There was a time in the not too distant past when the legal profession was very much a closed shop, an industry run exclusively by qualified lawyers. There was also a time when most of these lawyers would baulk at the very idea of trusting anything more technological than a favourite pen to aid their erudite work.
And yet now, as we approach the end of the second decade of the 21st century, technology is transforming the legal profession. Proving that even the most conservative of industries are far from immune from digital wiles, legaltech – broadly speaking, any technology used to aid or carry out the practice of law – is now the growth trend in the legal sector.
Legaltech comes in a variety of guises. Most commonly encountered as software applications and cloud-based platforms that either set out to help lawyers or provide online services directly to clients, there are examples of legaltech that do everything from automate contract drafting to centralise legal administration. Legaltech can also speed up case review with sophisticated document search algorithms to manage compliance in areas like data handling.
LegalTech is also big business. Since 2010, there have been 2,732 legaltech start-ups worldwide out of a total of 3,433 new businesses across law as a whole. Not surprisingly, tech firms have dominated start-up funding in the legal sector over the same period, while venture capital investment in established legaltech companies is growing rapidly. People who know a thing or two about backing the right horse are jumping on the Legaltech bandwagon.
And it isn’t just disruptive upstarts looking to muscle in on the legal scene with their fancy new gadgets. Longstanding major firms are getting in on the act too. We’ve seen Allen & Overy LLP launch its temporary Fuse legaltech start-up ‘incubator’ in Shoreditch, the beating heart of London’s Tech City, trying to attract the brightest talents in one of the world’s major tech hubs into law.
In a sign of the changing face of recruitment in the legal profession, we have also seen Clifford Chance advertise for the UK’s first legaltech graduate and lead delivery advisor positions. Firms may well be thinking in terms of reaping some of the benefits, financial and otherwise, they see third party legaltech firms enjoying. But as an industry, this kind of strategy would also help stem the steady stream of associates who are now abandoning the traditionally narrow career paths offered by law for the entrepreneurial buzz of the tech world.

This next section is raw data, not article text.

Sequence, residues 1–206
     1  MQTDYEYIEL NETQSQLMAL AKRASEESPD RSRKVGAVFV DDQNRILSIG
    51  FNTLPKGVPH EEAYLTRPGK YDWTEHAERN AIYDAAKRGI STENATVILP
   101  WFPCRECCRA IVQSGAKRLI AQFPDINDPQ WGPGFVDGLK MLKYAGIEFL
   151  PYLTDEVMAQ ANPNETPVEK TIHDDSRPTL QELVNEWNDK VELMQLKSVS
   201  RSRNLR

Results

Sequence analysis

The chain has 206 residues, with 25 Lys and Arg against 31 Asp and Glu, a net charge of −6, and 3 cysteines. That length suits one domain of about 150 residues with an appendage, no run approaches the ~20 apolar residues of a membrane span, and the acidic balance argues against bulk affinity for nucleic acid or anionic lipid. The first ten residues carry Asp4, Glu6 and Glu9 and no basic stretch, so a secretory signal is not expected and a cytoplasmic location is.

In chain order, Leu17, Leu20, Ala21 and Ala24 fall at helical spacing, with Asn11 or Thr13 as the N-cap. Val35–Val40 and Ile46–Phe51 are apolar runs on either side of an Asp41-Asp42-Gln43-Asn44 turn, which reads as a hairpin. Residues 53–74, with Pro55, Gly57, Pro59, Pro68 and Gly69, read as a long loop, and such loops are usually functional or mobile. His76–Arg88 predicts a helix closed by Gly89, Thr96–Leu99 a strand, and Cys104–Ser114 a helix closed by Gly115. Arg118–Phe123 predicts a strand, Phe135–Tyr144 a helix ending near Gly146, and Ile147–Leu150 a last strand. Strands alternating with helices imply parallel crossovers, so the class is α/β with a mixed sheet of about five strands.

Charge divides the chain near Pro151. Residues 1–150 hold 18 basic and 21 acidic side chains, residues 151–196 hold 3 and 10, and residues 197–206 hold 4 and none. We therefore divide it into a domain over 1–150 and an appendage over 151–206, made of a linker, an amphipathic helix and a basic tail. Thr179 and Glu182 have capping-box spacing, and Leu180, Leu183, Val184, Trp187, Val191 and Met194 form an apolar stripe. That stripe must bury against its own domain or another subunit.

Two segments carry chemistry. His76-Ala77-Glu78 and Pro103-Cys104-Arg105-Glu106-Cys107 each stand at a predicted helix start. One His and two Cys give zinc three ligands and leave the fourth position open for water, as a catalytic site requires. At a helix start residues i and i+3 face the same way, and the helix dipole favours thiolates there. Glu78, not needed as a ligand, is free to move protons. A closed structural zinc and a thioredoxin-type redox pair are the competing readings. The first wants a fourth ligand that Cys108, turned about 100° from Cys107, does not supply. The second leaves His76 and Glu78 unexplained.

Drivers of growth
So what has changed? What has driven the rise of legaltech? For one, in the UK context at least, liberalisation of the legal sector has allowed new entrants to come in with new ideas about how to deliver legal services. The Legal Services Act 2007, with the introduction of Alternative Business Structures (ABS), allowed entities not owned by lawyers to apply for legal practice licenses.
But regardless of a permissive regulatory environment, legaltech would not have thrived the way it has done over the past decade without demand. And demands for technological solutions to legal dilemmas have been manifold.
On the one hand, faced with the massive growth in digital documentation that has accompanied the multiplication of communication and online channels, lawyers have increasingly found the old methods unsuited to modern realities. When case work involves scouring emails, IMs, social media and more to build a narrative of culpability, or interrogating transaction pathways across numerous online databases to establish contractual compliance, legal professionals need tools capable of working with mountains of digital data fast and efficiently.
On the other, in this new world of mass data, legal compliance has become increasingly complex for all businesses. With the likes of the GDPR, every type of organisation now has a stake in data security and privacy, driving huge demand for so-called regtech – solutions which automate and monitor data management processes to ensure regulatory compliance, mitigating and controlling legal risks.
Legaltech has also increased competition in a way which further stimulates demand for tech solutions. Platforms like Lexoo, the legal services marketplace where firms compete for clients with competitive bids, has dragged law into the eBay era. Traditionalists might bemoan such overt commercialisation of legal practice, but one thing it has done is focus attention on customer service and value for money.
It is unlikely a coincidence that the decade in which we have seen legaltech take off has also seen rapid growth in fixed fee structures. As clients demand transparency with upfront costings, law firms are driven to seek efficiency gains so they can make those competitive prices work. That in turn again stimulates demand for tech solutions.
Finally, perhaps the simplest explanation for the rise of legaltech is that technology has evolved significantly over the past 10 years. Whereas the idea of automating certain rules-based tasks in legal administration goes back two or three decades, now we have AI and machine learning which can adapt to patterns of use and behaviour over time, rather than having to be reprogrammed every time there is a statutory change or a new relevant ruling.
Whereas algorithms have long been used for data interpretation and search, today’s powerful Big Data solutions mean enormous quantities of digital documentation can be processed and interrogated virtually in real time. And out of the emergence of cryptocurrencies, we also have the Blockchain, the distributed ledger system which underpins self-verifying, self-executing smart contracts.
Like so much of the world around us, technology has already transformed law. Whatever your views on it, we cannot, as they say, uninvent the wheel.